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One of the biggest gaps in medication safety is failed discontinuation of medications. A clinician decides to discontinue the medication and either enters an order for that discontinuation or simply tells the patient to stop taking the medication. But the community pharmacy or mail order pharmacy is never notified of that discontinuation and continues to dispense that medication. Our multiple prior columns on this problem are listed below.
Enter a tool called CancelRx. We mentioned CancelRx in our March 2017 What's New in the Patient Safety World column “Yes! Another Voice for Medication e-Discontinuation!”. Researchers at the University of Wisconsin recently demonstrated the value of CancelRx in reducing outpatient medication discrepancies by ensuring communication of medication discontinuation to pharmacies (Watterson 2021).
CancelRx integrates with clinic EHR and pharmacy dispensing software and automates the manual process that was previously delegated to clinic and pharmacy staff. It automatically sends an electronic notification of a medication discontinuation from a clinic’s EHR to a pharmacy’s dispensing software. After a clinic prescriber has discontinued a medication and indicated that the pharmacy should be notified, the order is processed by a third-party vendor, in this case SureScripts (the same platform used to communicate electronic prescriptions). For the cancellation message to be electronically transmitted via CancelRx, the functionality must be “turned on” at SureScripts for both the clinic sending the message and the pharmacy receiving the message.
The research team used an interrupted time series analysis (ITSA) to evaluate the effect of CancelRx to decrease medication discrepancies in the EHR and pharmacy management software. The impact was quite striking. Approximately 34% of prescriptions were successfully cancelled in the pre-CancelRx period. There was an immediate and significant increase in the proportion of successful medication discontinuations after CancelRx implementation, with an average of 92.78% prescriptions successfully discontinued in the post period. The impact was sustained in the year after the initial launch.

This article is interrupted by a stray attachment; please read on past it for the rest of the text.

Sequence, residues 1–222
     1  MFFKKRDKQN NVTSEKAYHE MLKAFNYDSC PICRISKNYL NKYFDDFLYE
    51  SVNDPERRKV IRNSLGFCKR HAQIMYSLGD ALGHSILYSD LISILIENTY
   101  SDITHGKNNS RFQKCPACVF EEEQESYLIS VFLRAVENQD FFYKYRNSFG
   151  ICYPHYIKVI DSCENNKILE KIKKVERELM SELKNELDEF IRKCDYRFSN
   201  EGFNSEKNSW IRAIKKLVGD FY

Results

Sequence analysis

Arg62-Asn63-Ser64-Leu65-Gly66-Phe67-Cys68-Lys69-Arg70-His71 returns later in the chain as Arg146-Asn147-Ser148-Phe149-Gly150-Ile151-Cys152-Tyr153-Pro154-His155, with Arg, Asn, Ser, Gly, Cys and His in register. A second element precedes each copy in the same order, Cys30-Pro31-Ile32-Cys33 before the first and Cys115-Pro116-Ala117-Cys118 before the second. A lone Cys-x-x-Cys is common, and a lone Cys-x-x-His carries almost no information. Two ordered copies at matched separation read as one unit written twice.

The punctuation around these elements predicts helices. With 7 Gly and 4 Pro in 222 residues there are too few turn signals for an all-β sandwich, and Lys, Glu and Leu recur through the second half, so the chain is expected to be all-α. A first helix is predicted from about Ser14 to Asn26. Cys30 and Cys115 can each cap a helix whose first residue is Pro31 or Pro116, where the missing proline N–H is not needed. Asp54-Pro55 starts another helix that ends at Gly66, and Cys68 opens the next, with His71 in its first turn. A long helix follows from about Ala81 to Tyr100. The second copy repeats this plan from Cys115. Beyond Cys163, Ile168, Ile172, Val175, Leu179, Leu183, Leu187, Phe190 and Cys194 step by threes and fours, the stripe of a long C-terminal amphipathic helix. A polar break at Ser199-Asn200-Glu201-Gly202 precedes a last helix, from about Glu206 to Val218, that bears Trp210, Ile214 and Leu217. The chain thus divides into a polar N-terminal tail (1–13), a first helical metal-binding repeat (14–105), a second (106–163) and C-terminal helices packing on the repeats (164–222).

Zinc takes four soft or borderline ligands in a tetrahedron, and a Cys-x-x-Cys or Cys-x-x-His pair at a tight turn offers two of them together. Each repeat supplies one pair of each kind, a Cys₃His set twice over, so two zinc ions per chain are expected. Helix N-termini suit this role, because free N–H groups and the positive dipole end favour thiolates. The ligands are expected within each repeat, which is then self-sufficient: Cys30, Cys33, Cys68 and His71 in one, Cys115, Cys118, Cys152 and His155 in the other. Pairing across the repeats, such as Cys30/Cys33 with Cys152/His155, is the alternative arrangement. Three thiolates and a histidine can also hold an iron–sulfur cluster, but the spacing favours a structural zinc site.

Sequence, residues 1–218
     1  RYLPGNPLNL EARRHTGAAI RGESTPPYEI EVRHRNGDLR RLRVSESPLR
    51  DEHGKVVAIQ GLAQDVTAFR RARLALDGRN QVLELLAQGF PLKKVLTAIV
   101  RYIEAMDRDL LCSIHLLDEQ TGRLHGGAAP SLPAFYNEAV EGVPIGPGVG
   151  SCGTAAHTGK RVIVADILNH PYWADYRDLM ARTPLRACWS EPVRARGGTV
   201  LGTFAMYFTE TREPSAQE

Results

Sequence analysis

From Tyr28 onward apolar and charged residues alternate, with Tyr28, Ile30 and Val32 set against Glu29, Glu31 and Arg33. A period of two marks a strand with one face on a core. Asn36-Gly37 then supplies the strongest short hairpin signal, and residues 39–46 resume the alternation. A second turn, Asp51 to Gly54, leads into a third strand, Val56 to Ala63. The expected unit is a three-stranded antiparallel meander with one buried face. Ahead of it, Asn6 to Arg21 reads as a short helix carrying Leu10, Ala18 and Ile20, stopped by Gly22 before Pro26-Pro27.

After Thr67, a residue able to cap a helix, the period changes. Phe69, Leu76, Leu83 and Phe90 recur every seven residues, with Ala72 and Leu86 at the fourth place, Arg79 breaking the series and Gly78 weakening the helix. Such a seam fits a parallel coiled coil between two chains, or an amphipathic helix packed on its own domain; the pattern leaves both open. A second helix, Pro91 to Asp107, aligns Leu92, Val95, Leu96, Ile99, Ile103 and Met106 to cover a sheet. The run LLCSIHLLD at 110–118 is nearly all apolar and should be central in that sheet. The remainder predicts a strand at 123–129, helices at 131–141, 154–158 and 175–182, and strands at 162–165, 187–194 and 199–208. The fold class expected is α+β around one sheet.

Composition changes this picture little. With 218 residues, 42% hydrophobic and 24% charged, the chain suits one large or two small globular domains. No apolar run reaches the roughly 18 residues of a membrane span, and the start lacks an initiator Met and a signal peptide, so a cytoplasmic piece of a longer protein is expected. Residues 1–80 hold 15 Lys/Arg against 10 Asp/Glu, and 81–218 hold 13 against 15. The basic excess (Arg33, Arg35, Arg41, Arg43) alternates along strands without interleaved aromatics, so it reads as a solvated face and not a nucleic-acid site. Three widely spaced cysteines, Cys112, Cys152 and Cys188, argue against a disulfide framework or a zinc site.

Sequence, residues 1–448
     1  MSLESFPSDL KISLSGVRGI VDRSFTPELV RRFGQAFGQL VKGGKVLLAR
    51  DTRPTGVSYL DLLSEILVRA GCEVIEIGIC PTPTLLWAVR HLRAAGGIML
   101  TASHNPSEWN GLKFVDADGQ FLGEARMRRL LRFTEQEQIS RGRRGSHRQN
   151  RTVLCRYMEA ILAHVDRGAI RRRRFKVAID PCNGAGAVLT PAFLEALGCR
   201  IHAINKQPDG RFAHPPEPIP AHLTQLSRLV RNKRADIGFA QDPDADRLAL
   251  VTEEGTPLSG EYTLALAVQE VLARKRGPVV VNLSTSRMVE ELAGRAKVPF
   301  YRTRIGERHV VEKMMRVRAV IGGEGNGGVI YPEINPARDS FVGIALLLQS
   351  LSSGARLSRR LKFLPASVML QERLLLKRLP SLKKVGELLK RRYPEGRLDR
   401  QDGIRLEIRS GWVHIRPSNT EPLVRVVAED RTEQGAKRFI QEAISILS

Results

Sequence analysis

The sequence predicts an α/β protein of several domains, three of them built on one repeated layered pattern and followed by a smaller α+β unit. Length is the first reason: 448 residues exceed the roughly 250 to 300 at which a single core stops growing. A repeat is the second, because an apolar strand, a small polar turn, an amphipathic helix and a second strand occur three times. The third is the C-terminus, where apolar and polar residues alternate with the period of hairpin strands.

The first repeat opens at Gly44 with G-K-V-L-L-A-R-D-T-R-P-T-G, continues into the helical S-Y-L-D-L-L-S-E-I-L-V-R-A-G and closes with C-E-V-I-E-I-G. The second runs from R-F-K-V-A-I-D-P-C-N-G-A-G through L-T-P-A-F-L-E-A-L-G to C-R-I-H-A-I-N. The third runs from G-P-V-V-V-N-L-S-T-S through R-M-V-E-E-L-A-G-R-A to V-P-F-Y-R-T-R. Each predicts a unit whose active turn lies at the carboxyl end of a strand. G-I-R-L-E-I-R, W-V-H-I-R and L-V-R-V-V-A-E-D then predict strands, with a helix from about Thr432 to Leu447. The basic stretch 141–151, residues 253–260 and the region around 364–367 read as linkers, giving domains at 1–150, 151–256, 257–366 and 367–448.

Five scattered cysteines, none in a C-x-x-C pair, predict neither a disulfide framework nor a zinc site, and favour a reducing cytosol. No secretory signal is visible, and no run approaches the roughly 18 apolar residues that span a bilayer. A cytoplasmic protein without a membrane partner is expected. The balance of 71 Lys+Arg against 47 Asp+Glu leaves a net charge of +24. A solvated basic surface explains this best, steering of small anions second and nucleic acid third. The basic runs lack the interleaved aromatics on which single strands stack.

Of interest was a disparity between primary care and specialty care clinics. The ITSA found that there were significant differences between the proportion of successful medication discontinuations pre-CancelRx implementation (difference 17.7%, P<0.001). Specialty clinics had a greater proportion of medications that were successfully cancelled in the preintervention period compared to primary care clinics. During the year prior to CancelRx implementation, the percentage of medications successfully cancelled from primary care clinics was approximately 26%, whereas the percentage from specialty clinics was approximately 44%. However, immediately after CancelRx implementation, the proportion of successful cancellations across the 2 clinic types converged and became the same on average (approximately 98% in both the primary care and specialty clinics, difference 1.6%).
Also, prior to CancelRx implementation there was considerable variation in the time to medication discontinuation. In comparison, after CancelRx implementation, medication discontinuations were all completed on the same day!
CancelRx requires that both the clinic and the pharmacy have the functionality turned on through the third-party vendor.
Watterson et al. note that CMS added CancelRx to the 2017 Stage 3 Meaningful Use EHR Certification Criteria, required to qualify for the Medicaid Promoting Interoperability Program. Certification criteria requires that a user be able to not only create, change, or refill but also cancel prescriptions within the EHR technology according to NCPDP SCRIPT Standard (which includes CancelRx). But, for a variety of reasons, organizations have been slow to adopt this functionality. The authors note, however, that more and more entire health systems, private clinics, and pharmacies are now upgrading their systems to receive and utilize CancelRx functionality.
The results of the Watterson study should serve as an impetus for all health systems and clinics to begin using CancelRx.
Some of our other columns on failed discontinuation of medications:
May 27, 2014 “A Gap in ePrescribing: Stopping Medications”
March 2017 “Yes! Another Voice for Medication e-Discontinuation!”
February 2018 “10 Years on the Wrong Medication”
August 28, 2018 “Thought You Discontinued That Medication? Think Again”
December 18, 2018 “Great Recommendations for e-Prescribing”
August 2019 “Including Indications for Medications: We Are Failing”
August 6, 2019 “Repeat Adverse Drug Events”
Watterson TL, Stone JA, Brown R, et al. CancelRx: a health IT tool to reduce medication discrepancies in the outpatient setting, Journal of the American Medical Informatics Association 2021; 28(7): 1526-1533
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